Last week as I was working on my post, “A Rustic Chic Library”, I stopped to revisit some of the books on the American barn written and illustrated by Eric Sloane. And so I thought I would share some of Sloane’s history with you -this prolific artist of the Hudson River School genre.
Eric Sloane was born Everard Jean Hinrichs on February 27, 1905 in New York City to a well-to-do family. He was an artistic youth and some of his early clients were aviation pioneers flying out of Roosevelt Field on Long Island. The artist, Wiley Post, honed the young Sloane’s technique and many pilots insisted he paint identifying markings on their planes. Post also taught Sloane to fly and this would come to have a great impact on Sloane’s art. It was during this period that he became known for his “cloudscapes”. Among his early clients was aviatrix Amelia Erhardt, who purchased Sloane’s first cloud painting. The largest of Sloane’s cloud paintings is installed in the Smithsonian Air and Space Museum in Washington, DC.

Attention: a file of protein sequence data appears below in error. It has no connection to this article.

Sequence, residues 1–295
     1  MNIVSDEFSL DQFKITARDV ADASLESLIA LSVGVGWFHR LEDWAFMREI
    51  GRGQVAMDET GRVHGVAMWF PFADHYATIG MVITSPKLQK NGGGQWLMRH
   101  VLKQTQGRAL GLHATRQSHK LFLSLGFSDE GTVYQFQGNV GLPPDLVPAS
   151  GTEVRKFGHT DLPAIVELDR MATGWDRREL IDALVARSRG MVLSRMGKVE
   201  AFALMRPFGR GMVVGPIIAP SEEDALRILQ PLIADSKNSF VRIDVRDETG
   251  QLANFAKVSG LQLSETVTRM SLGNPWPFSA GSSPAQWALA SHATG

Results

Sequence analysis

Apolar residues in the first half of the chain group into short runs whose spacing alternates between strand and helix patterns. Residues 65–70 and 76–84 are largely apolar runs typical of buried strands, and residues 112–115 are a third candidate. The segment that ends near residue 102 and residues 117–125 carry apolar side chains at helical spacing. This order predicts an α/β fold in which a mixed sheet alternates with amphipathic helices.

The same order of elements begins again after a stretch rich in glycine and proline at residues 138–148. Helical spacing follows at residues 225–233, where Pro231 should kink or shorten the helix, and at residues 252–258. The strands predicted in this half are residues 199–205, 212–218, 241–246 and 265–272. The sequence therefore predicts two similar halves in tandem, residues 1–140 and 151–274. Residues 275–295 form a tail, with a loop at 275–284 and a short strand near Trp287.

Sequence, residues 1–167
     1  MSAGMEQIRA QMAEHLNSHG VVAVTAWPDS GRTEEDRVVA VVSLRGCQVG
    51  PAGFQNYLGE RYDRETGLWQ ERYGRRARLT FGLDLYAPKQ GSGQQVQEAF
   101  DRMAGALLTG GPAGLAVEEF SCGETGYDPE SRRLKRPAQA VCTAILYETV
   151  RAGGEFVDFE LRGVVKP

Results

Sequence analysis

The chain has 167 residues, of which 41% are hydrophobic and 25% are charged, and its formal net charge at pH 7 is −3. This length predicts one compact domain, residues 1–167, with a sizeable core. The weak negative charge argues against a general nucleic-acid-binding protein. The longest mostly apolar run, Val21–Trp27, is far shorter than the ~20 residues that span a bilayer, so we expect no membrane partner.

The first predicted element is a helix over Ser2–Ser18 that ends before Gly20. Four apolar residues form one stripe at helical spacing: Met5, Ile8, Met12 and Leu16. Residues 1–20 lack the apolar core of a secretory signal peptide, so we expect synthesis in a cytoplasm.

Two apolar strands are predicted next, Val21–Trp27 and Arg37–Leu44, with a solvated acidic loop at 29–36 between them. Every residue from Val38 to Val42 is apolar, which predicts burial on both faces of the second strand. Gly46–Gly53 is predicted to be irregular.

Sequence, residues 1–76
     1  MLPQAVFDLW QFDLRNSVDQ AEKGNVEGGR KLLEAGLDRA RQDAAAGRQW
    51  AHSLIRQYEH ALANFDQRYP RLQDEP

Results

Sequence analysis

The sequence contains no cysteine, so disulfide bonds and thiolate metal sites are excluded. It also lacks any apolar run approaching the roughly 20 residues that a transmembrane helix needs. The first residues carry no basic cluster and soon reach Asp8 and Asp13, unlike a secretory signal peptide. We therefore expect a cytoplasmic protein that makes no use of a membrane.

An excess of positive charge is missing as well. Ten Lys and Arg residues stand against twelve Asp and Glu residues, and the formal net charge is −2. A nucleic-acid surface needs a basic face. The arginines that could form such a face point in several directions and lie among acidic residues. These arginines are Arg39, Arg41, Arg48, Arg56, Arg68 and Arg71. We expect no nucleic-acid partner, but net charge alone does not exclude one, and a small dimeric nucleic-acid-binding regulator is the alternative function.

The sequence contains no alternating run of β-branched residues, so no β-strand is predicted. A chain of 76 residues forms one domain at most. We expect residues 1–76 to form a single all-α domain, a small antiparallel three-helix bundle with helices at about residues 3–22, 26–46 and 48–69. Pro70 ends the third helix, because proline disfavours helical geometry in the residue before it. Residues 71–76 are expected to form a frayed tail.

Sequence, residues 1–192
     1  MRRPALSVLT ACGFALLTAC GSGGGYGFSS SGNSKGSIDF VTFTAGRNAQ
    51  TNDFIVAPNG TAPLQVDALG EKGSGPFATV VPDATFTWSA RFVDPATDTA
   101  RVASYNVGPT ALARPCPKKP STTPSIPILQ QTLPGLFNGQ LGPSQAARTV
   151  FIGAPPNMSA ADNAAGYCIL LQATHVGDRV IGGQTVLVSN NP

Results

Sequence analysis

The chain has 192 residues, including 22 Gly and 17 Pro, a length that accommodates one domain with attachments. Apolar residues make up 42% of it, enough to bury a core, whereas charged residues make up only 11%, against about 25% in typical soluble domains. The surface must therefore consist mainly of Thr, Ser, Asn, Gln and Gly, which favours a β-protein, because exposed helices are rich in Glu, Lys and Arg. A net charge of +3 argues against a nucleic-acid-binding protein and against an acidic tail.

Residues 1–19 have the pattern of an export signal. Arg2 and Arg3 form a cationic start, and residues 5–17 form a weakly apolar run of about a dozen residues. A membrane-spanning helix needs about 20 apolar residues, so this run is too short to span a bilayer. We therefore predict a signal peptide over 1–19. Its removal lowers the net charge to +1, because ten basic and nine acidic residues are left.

During his lifetime, Eric Sloane wrote 38 books and it is estimated that he created some 15,000 artworks, mostly oil on masonite. In the 1950’s, while restoring a Connecticut farmhouse, he developed a fondness for the Early American settlers and their way of life. While living in Warren, Connecticut, he discovered a diary written by a man named Noah Blake in which he vividly portrayed and illustrated New England farm life. This was to be a major turning point in Sloane’s career.
Sloane is widely credited today as having been the foremost authority on Early American rural architecture and Early American farming tools. His books, paintings and drawings are considered some of the most important historical source works on those subjects.
The barn paintings may appear trite or even a bit “sweet” to many today. But to me they show the work of someone fascinated by the strength of the American barn – a building which was essential to life in earlier times. His painstakingly detailed barns have a dignified but somewhat lonely air about them – a hushed stillness washed with sepia undertones that soften their imposing presense.
Eric Sloane died on March 5, 1985 of a heart attack while on his way to meet his wife for lunch at the Plaza Hotel in New York City. He is buried at the Sloane Stanley Museum in Kent, Connecticut.
Here are some more examples of one of America’s most rustic chic artists.